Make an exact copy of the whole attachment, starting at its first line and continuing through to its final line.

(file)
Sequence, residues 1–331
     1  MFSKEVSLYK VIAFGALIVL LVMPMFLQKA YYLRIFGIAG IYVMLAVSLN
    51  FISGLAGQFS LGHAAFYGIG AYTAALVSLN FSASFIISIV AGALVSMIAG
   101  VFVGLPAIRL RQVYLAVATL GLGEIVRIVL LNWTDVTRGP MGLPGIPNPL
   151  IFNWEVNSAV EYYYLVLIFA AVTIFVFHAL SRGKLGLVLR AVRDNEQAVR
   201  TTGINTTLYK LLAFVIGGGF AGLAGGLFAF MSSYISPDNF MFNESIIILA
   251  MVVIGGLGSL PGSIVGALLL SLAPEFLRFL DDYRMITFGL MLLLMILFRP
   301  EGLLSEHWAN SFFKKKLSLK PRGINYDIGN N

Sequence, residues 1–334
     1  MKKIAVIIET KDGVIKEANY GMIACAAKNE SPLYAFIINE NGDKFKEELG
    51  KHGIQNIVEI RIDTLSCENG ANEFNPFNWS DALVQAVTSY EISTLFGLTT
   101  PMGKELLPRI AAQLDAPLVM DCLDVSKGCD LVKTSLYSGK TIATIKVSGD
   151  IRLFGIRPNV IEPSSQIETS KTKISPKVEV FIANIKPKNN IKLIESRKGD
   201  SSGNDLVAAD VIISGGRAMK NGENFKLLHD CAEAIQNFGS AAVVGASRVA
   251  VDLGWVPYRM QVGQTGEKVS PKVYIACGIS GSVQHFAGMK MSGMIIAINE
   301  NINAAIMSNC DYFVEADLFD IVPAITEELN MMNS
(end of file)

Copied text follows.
Sequence, residues 1–331
     1  MFSKEVSLYK VIAFGALIVL LVMPMFLQKA YYLRIFGIAG IYVMLAVSLN
    51  FISGLAGQFS LGHAAFYGIG AYTAALVSLN FSASFIISIV AGALVSMIAG
   101  VFVGLPAIRL RQVYLAVATL GLGEIVRIVL LNWTDVTRGP MGLPGIPNPL
   151  IFNWEVNSAV EYYYLVLIFA AVTIFVFHAL SRGKLGLVLR AVRDNEQAVR
   201  TTGINTTLYK LLAFVIGGGF AGLAGGLFAF MSSYISPDNF MFNESIIILA
   251  MVVIGGLGSL PGSIVGALLL SLAPEFLRFL DDYRMITFGL MLLLMILFRP
   301  EGLLSEHWAN SFFKKKLSLK PRGINYDIGN N

Sequence, residues 1–334
     1  MKKIAVIIET KDGVIKEANY GMIACAAKNE SPLYAFIINE NGDKFKEELG
    51  KHGIQNIVEI RIDTLSCENG ANEFNPFNWS DALVQAVTSY EISTLFGLTT
   101  PMGKELLPRI AAQLDAPLVM DCLDVSKGCD LVKTSLYSGK TIATIKVSGD
   151  IRLFGIRPNV IEPSSQIETS KTKISPKVEV FIANIKPKNN IKLIESRKGD
   201  SSGNDLVAAD VIISGGRAMK NGENFKLLHD CAEAIQNFGS AAVVGASRVA
   251  VDLGWVPYRM QVGQTGEKVS PKVYIACGIS GSVQHFAGMK MSGMIIAINE
   301  NINAAIMSNC DYFVEADLFD IVPAITEELN MMNS